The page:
|Building Reinforcing Interactions: Accelerated Learning Through Reinforcement System Training|
|Monday, May 29, 2023|
|10:00 AM–10:50 AM |
|Hyatt Regency, Centennial Ballroom F|
|Area: AAB; Domain: Translational|
|Chair: Josef Harris (University of North Texas)|
|Discussant: Jesus Rosales-Ruiz (University of North Texas)|
|CE Instructor: Jesus Rosales-Ruiz, Ph.D.|
According to Sidman (2010), Skinner (1938) was able to produce fast learning when teaching his rats to press a lever because he started by teaching them how the reinforcement procedure was going to work. This is usually called magazine training in the laboratory. The learner must understand when reinforcement is available, where to go or what to do to access the reinforcer, how to consume the reinforcer, and how to go back to training after finishing the reinforcer. Skinner more specifically described these behaviors as a behavior chain, as reinforcement involves a series of actions on the part of the learner. Early behavior analysts who worked in both laboratory and applied settings knew that it was crucial to begin with magazine training. However, many modern behavior analysts do not understand the important skills that a learner learns during this step. Without this foundation, learners are not fully prepared for future learning. This symposium will show how starting with reinforcement system training leads to accelerated learning in applied settings.
|Instruction Level: Intermediate|
|Keyword(s): autism, chaining, clicker training, horses|
|Target Audience: |
BCBAs, clinical directors, animal trainers
|Learning Objectives: 1) Participants will be able to name the elements of the reinforcement system. 2) Participants will be able to describe why it is important to train the reinforcement system first. 3) Participants will be able to identify breaks and follows when analyzing a reinforcement system.|
Introducing Horses to Clicker Training: Accelerated Learning Through Reinforcement System Training
|MARY ELIZABETH HUNTER (Behavior Explorer), Jesus Rosales-Ruiz (University of North Texas)|
Clicker training and positive reinforcement training are growing in popularity among horse owners. However, there is a lack of systematic, step-by-step procedures for owners to follow when introducing a horse to clicker training. Some professional trainers advocate for “charging” the clicker; other trainers begin straightaway with teaching a new behavior, such as touching a target or turning the head away. The lack of precise instructions means that some horses perform unwanted, and potentially dangerous, behaviors during initial training sessions, including nipping, biting, pushing, and searching the person for food. These behaviors may be accidentally reinforced and may discourage owners from continuing with positive reinforcement training. This presentation will describe a step-by-step approach for introducing horses to positive reinforcement training. Horses learned how to consume the reinforcer, where the reinforcer would be delivered, and when the reinforcer would be delivered. Next, the horses learned three additional behaviors, including touching a target, backing up, and stay. Results showed that horses were able to learn the reinforcement system with few or no errors and that starting with reinforcement system training produced accelerated learning on other tasks.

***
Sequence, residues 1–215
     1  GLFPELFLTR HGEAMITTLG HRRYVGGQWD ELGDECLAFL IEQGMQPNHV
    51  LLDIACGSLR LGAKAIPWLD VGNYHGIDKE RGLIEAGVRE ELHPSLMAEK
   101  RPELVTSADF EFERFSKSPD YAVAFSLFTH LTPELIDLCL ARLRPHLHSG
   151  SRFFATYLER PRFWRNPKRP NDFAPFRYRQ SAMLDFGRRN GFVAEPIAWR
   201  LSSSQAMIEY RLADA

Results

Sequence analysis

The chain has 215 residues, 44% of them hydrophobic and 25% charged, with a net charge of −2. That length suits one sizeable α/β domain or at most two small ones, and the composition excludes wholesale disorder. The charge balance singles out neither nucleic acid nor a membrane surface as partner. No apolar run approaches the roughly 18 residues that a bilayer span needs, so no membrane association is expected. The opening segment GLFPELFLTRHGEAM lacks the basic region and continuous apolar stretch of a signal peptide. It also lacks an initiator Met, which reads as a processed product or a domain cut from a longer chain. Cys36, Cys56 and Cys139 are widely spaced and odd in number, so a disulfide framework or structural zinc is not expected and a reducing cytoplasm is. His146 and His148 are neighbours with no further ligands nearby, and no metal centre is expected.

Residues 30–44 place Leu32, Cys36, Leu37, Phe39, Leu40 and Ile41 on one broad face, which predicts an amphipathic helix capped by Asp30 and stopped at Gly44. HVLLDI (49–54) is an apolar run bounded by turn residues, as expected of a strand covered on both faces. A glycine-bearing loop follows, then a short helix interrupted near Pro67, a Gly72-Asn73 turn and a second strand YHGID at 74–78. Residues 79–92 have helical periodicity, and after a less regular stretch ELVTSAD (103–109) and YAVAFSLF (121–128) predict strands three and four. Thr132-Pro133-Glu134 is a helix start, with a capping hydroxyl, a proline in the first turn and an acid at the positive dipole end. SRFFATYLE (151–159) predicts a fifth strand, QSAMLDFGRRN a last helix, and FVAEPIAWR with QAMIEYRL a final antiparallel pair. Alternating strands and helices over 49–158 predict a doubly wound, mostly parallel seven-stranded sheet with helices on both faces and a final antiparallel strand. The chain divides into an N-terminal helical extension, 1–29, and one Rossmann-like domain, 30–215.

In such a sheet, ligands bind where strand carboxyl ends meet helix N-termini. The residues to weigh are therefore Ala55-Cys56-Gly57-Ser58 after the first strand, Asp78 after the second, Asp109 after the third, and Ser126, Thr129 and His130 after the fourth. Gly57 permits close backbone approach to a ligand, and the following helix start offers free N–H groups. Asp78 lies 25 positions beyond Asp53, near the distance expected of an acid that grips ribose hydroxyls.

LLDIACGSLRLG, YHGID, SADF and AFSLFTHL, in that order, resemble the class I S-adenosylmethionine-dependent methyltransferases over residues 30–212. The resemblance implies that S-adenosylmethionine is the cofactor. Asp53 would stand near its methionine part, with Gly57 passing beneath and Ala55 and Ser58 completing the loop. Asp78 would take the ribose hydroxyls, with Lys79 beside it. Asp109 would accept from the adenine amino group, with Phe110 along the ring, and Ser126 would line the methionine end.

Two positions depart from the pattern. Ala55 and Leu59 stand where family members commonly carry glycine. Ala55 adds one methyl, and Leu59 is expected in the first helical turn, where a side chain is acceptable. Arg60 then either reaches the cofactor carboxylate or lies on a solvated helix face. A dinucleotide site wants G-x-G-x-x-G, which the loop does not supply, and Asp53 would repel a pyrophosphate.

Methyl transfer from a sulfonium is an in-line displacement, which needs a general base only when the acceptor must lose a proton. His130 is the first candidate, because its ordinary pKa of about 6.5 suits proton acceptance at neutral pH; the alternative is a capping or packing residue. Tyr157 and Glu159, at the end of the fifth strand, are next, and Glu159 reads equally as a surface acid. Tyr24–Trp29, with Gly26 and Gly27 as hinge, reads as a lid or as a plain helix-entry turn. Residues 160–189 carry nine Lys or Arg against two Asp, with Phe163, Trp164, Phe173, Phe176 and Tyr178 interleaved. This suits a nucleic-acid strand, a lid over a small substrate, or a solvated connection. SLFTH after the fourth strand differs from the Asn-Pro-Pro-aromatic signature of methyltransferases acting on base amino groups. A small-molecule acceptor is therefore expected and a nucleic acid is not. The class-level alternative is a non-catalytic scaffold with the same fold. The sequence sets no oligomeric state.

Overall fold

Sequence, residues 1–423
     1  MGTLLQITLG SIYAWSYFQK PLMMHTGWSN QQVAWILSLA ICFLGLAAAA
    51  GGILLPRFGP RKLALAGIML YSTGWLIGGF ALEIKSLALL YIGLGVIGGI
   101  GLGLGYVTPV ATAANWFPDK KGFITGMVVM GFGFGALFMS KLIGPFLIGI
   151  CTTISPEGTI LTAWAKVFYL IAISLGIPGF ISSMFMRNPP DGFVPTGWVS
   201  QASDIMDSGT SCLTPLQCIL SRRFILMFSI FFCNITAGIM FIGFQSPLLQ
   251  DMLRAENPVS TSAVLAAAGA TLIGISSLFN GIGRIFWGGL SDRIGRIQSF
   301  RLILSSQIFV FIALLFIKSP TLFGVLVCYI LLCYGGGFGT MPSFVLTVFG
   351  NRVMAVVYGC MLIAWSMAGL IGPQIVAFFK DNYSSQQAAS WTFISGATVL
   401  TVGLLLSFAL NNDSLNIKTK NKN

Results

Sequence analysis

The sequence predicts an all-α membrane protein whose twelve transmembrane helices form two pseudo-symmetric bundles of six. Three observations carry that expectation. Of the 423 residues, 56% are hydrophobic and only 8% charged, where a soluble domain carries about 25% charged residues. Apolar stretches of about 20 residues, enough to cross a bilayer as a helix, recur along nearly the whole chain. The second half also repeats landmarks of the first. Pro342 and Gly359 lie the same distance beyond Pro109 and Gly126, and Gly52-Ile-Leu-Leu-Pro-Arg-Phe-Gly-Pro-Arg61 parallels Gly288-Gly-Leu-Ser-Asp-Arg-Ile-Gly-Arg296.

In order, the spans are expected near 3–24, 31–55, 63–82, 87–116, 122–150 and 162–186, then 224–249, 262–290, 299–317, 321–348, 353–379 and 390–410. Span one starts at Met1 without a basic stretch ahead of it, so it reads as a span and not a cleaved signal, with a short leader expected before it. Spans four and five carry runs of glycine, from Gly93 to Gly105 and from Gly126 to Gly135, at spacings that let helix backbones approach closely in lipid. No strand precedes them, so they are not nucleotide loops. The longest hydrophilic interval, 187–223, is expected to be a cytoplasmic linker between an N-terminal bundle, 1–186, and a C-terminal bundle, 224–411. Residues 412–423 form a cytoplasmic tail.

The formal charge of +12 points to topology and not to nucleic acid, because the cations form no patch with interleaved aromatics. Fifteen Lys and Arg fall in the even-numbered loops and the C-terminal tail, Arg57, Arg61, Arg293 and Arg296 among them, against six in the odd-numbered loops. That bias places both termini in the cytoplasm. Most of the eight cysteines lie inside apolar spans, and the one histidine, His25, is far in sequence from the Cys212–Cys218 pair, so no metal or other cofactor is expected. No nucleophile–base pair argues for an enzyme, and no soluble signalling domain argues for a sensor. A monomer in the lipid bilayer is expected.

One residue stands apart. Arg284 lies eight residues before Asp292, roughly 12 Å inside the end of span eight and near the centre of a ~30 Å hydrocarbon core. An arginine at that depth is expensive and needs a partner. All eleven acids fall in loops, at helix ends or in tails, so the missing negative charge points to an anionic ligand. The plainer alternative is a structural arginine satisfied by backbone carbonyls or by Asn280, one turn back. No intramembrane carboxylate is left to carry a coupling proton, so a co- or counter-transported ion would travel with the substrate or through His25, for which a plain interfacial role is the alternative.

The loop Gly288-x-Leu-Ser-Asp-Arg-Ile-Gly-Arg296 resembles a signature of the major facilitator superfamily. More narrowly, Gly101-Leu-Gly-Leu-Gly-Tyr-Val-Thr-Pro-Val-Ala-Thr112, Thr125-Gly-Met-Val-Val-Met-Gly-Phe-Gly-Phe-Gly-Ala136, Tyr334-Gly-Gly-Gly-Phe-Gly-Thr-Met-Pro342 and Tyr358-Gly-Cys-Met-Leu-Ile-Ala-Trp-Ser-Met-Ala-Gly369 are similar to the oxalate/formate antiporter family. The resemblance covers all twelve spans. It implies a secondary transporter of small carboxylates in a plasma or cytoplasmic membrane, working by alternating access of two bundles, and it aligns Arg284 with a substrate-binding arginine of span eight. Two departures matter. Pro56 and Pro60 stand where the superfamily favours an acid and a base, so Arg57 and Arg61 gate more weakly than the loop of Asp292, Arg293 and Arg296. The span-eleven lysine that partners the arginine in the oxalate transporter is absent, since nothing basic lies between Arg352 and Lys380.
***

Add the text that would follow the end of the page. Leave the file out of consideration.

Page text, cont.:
Building Joyful Back-and-Forth Interactions and Accelerated Learning for Children With Autism Through Reinforcement System Training
|CRYSTAL FERNANDEZ (University of North Texas), Jesus Rosales-Ruiz (University of North Texas)|
Most therapy procedures for children with autism are based in positive reinforcement. Recommendations for the application of positive reinforcement have often been based on characteristics of the reinforcer, such as size, immediacy, level of deprivation, and the schedule used. However, there are other factors that are also important in the successful application of positive reinforcement, including aspects related to how the reinforcer is delivered. Related to this, Skinner (1938) discussed how reinforcement involves a chain of behaviors. In the context of autism therapy, reinforcement involves the interaction of two organisms, the therapist and child, and these interactions create an interlocking chain of behaviors. Yet, this chain of interactions is often not explicitly taught, resulting in unwanted behaviors and slower progress for the child. This presentation will describe a procedure and data collection system for evaluating reinforcement systems during therapy sessions. Results show that rebuilding faulty reinforcement systems leads to more teaching opportunities and accelerated learning.